I recently installed the iOS 14 Beta 2 looking to see what improvements are in store for PWAs. Unfortunately, there aren’t really any PWA-specific improvements (ie: features related to service workers or the experience of standalone web apps pinned to the home screen).
The good news is there are some important standards/features being implemented in Safari that a PWA (or any website/webapp) can use.
Face ID and Touch ID for the Web
Safari’s implementation of the webauthn API will support Face ID and Touch ID, so now a PWA can have that same seemless authentication experience that native apps have.
Useful for building responsive elements, ResizeObserver can now be used on iOS without any polyfill, resulting in a smaller PWA bundle size. 🎉
CSS Shadow Parts
I use web components in my PWAs so this improvement is exciting to me. This standard helps with styling web components. Now that this standard is implemented in all major evergreen browsers (Chrome, Edge, Firefox, Safari) I hope to see more web components leveraging shadow parts for style customization.
CSS Shadow Parts are actually already implemented in iOS 13.1
Native apps have been able to set the enter key label on the virtual keyboard for a while, but now PWAs can do the same using the
WebP Image Format Support
WebP is a modern image format that supports both lossless and lossy compression. WebP images are smaller than PNGs and JPEGs, resulting in a smaller PWA bundle size. 🎉
PWA-Specific Features Still Not Implemented
Unfortunately, there are some PWA features that still don’t work on iOS 14. This isn’t an exhaustive list, just a couple of things I’ve noticed so far.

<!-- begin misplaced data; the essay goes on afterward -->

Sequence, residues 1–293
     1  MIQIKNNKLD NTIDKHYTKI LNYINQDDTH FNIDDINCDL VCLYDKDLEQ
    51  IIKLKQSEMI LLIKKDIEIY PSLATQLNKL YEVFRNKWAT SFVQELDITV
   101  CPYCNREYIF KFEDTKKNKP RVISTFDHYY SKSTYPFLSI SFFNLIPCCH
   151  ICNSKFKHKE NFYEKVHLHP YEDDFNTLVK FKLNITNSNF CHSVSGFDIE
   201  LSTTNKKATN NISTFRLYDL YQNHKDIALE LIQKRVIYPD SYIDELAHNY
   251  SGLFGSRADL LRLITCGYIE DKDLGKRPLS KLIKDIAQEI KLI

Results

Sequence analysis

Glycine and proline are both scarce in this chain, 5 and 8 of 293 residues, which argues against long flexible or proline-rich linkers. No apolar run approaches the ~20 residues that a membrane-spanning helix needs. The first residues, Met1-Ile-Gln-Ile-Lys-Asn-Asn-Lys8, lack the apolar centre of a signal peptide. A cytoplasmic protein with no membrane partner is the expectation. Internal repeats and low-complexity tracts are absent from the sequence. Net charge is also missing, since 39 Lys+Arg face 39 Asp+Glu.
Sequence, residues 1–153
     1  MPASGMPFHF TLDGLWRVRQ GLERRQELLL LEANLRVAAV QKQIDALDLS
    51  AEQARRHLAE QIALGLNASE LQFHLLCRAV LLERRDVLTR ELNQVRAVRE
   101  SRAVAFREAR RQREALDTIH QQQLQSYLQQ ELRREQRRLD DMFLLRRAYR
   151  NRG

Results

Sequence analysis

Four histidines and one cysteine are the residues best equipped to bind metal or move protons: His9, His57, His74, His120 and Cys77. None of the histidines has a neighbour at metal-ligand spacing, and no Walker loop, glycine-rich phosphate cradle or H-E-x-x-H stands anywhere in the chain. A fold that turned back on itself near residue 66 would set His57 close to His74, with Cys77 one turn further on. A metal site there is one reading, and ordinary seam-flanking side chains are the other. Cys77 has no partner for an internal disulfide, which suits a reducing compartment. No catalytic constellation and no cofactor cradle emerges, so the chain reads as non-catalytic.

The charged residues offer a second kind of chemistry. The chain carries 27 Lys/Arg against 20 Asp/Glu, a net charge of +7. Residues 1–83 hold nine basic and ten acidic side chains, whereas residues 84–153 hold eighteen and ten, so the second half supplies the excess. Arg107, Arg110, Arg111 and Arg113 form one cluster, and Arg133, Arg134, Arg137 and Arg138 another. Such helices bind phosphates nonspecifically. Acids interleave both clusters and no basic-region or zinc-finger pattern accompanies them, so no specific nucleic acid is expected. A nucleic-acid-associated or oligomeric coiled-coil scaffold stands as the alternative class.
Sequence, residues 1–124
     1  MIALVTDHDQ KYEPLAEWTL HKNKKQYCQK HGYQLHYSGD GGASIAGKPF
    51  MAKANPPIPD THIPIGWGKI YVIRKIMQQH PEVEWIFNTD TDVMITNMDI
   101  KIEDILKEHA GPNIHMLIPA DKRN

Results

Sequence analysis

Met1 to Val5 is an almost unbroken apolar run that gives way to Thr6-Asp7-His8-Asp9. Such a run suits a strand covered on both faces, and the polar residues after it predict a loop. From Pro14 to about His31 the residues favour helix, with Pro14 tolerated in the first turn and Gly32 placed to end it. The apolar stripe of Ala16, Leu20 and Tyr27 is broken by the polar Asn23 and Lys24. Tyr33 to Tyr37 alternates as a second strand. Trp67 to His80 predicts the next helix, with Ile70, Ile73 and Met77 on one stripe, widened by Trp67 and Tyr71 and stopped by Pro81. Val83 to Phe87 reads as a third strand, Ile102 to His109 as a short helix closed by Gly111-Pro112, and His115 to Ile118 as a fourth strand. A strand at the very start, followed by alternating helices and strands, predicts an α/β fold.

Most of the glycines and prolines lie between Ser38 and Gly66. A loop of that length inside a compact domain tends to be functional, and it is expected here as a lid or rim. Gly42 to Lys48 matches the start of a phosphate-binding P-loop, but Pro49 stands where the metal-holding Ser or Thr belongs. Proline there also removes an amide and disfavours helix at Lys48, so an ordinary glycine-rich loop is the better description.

Like last year, the first thing I checked when I installed iOS 14 was background audio because some PWAs really need it. This time around I was hopeful because there was some activity earlier this year on the webkit bug. Unfortunately, background audio still stops as soon as you leave the PWA.
Manifest.json Icon Ignored
The standard way to define icons for a PWA is to set the icons object in manifest.json. Unfortunately iOS ignores that so if you want your PWA icon to show up properly on the user’s home screen you will still need to add the following to your HTML:
<link rel="apple-touch-icon" sizes="192x192" href="./logo.png" />
That’s easy enough, but it would be nice if you only had to declare your icons in one place and it just works for Android and iOS (and Windows and Linux, etc, etc).
This API allows web apps to programmatically pin the web app to the user’s home screen as a PWA. This is a non-standard API so it’s unlikely for Apple to implement it, but it would be nice if there were a programmatic way to add to homescreen. Having a button the user can tap to install the current site as a PWA is a lot nicer experience than asking the user to dig into the share menu in Safari. Also, “Add to Home Screen” is only available in Safari, not in 3rd party browsers.
PWAs in App Library
iOS 14 introduces the concept of App Libraries to automatically group apps together. What I’ve noticed so far is any PWAs I add to my home screen don’t show up in the “Recently Added” or “Suggestions” app libraries. In fact, all I’ve used so far since installing iOS 14 are the Twitter and Background Noise PWAs and yet they don’t show up anywhere in my App Library.
It would be nice if PWAs got the same treatment as native apps for such a visible OS feature.
There are still some major roadblocks on iOS that prevent PWAs from having parity with native apps when it comes to user experience and OS integration. Developing PWAs for iOS can feel pretty frustrating when compared to Android and Windows. However, I appreciate that Safari is steadily implementing more web standards. I’ll try and keep this post updated with my findings as new iOS 14 betas get released.
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